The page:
Pharmacist Accused of Meddling With Coronavirus Vaccine Doses Falsely Believed It Would Alter DNA

Ozaukee County Sheriff

There is no evidence that the vaccines will change any person's DNA, according to experts.

The Wisconsin pharmacist accused of meddling with coronavirus vaccine doses told investigators that he believed the injections would alter the DNA of humans and harm them, according to a probable cause statement obtained by CBS affiliate WDJT-TV, CBS News reported.

There is no evidence that the vaccine will change any person's DNA, according to experts.

Steven Brandenburg, 46, is accused of intentionally removing 57 vials of the Moderna vaccine from a pharmacy refrigerator at the Aurora Medical Center and leaving them out overnight, police said. Each vial contains 10 doses, according to NBC News. Brandenberg was fired from Aurora Medical Center shortly after he allegedly admitted to intentionally tampering with the vaccine. He was arrested last week by Grafton police.

In his probable cause statement, Grafton police Detective Sgt. Eric Sutherland wrote that Brandenburg is an "admitted conspiracy theorist," and "told investigators that he believed that COVID-19 vaccine was not safe for people and could harm them and change their DNA. He admitted this was an intentional act," the probable cause statement added.

In a court appearance Monday, Brandenburg did not enter a plea but was read the charges he faces. Brandenberg was charged with recklessly endangering safety, adulterating a prescription drug and criminal damage to property.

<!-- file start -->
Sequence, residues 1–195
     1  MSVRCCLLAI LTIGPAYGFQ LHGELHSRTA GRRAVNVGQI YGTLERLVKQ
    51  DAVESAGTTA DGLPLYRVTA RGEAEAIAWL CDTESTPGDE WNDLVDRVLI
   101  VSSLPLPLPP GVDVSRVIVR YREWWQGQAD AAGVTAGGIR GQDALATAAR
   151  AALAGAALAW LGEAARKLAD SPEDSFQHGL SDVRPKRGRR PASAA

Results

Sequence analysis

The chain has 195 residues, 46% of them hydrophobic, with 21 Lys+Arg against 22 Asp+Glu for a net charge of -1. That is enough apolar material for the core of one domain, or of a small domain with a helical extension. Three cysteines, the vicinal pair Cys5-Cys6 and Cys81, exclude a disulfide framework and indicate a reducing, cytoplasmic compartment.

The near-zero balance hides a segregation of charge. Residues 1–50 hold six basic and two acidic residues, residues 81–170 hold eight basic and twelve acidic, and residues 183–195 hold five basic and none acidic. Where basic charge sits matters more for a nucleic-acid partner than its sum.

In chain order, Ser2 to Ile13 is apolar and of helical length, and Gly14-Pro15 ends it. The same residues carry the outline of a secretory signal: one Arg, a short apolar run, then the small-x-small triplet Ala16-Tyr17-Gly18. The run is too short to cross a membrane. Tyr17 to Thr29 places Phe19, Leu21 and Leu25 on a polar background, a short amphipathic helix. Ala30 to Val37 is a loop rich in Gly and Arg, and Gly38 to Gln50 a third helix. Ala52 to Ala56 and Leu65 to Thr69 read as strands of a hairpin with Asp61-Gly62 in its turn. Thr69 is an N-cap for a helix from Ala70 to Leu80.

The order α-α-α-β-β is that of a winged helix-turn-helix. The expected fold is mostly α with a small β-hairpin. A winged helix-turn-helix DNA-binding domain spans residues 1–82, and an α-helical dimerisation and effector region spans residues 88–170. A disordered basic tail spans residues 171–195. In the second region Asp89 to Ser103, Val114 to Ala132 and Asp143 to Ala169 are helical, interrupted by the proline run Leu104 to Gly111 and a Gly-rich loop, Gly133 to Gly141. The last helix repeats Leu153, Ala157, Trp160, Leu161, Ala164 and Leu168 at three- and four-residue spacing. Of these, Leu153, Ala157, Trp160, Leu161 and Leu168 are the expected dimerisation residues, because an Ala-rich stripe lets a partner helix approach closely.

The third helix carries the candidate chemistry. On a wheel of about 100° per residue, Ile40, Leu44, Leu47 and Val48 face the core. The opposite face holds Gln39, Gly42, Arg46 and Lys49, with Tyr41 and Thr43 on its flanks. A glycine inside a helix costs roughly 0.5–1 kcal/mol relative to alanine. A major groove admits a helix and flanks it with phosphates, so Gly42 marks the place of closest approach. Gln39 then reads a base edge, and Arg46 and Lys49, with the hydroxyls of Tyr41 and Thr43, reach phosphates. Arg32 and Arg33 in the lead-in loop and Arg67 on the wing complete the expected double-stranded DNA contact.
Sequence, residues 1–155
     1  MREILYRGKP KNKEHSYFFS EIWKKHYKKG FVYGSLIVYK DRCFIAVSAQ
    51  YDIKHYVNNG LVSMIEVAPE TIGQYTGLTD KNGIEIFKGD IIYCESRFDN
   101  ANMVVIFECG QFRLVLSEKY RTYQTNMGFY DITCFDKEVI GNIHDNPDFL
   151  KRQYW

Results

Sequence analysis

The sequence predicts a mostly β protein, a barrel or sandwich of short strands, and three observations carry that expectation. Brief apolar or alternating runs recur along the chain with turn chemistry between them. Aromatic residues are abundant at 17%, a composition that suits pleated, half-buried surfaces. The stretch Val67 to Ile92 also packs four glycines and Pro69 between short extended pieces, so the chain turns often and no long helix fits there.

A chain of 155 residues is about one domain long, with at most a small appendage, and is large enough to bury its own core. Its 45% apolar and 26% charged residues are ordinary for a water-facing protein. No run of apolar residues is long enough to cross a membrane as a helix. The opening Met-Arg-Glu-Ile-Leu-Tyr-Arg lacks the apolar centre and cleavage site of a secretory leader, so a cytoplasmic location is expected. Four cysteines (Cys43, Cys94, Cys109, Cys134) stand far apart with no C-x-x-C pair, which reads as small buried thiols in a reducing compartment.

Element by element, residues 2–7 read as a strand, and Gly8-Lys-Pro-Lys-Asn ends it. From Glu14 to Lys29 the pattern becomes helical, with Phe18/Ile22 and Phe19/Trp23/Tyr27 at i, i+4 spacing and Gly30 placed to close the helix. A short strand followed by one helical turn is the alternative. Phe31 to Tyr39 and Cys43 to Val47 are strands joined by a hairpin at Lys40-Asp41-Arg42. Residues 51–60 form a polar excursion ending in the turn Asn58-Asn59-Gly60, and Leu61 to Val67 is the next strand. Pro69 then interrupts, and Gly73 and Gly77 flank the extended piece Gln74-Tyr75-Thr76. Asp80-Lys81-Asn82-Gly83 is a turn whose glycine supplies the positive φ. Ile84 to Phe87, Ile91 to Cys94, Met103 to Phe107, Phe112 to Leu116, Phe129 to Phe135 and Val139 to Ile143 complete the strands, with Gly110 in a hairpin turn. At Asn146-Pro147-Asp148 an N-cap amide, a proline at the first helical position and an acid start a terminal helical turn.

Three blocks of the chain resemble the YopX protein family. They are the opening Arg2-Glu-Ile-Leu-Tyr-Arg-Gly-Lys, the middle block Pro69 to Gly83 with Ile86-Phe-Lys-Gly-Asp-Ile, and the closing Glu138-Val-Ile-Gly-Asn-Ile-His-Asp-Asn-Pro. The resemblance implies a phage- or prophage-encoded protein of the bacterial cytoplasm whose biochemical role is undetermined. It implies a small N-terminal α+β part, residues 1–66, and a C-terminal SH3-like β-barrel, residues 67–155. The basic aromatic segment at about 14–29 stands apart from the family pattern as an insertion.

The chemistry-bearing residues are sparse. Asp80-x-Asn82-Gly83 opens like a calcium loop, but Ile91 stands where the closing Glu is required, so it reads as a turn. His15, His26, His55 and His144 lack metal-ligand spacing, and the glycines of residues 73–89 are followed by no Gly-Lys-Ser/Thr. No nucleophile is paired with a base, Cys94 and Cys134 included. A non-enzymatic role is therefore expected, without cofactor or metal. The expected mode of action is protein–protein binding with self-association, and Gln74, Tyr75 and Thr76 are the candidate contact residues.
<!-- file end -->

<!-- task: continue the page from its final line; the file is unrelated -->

Following Brandenburg’s admission, his former employer said it had been forced to throw out more than 500 doses of the vaccine because of the incident, estimating the cost to be between $8,000 and $11,000, CBS News reported. On Monday Ozaukee County District Attorney Adam Gerol said that the vials had been retained and would be tested by Moderna, according to the Associated Press. Gerol added that he planned to wait to see if the doses had actually been rendered ineffective before possibly amending the charges, CBS News reported.

Brandenburg was released from jail after posting $10,000 bond, according to records obtained by People.

Separately, the case comes as Houston Methodist Hospital announced that their 26,000 employees can earn extra money as long as they get the coronavirus vaccine, CBS News reported. Houston Methodist Hospital president and CEO, Dr. Marc Boom wrote to employees in an emailed last week that they can look forward to a $500 bonus as a "thank you for your perseverance throughout a difficult 2020,” CBS News reported. The criteria to receive the money includes getting a COVID-19 vaccination, "fulfilling our obligation as health care workers to lead the community," he wrote.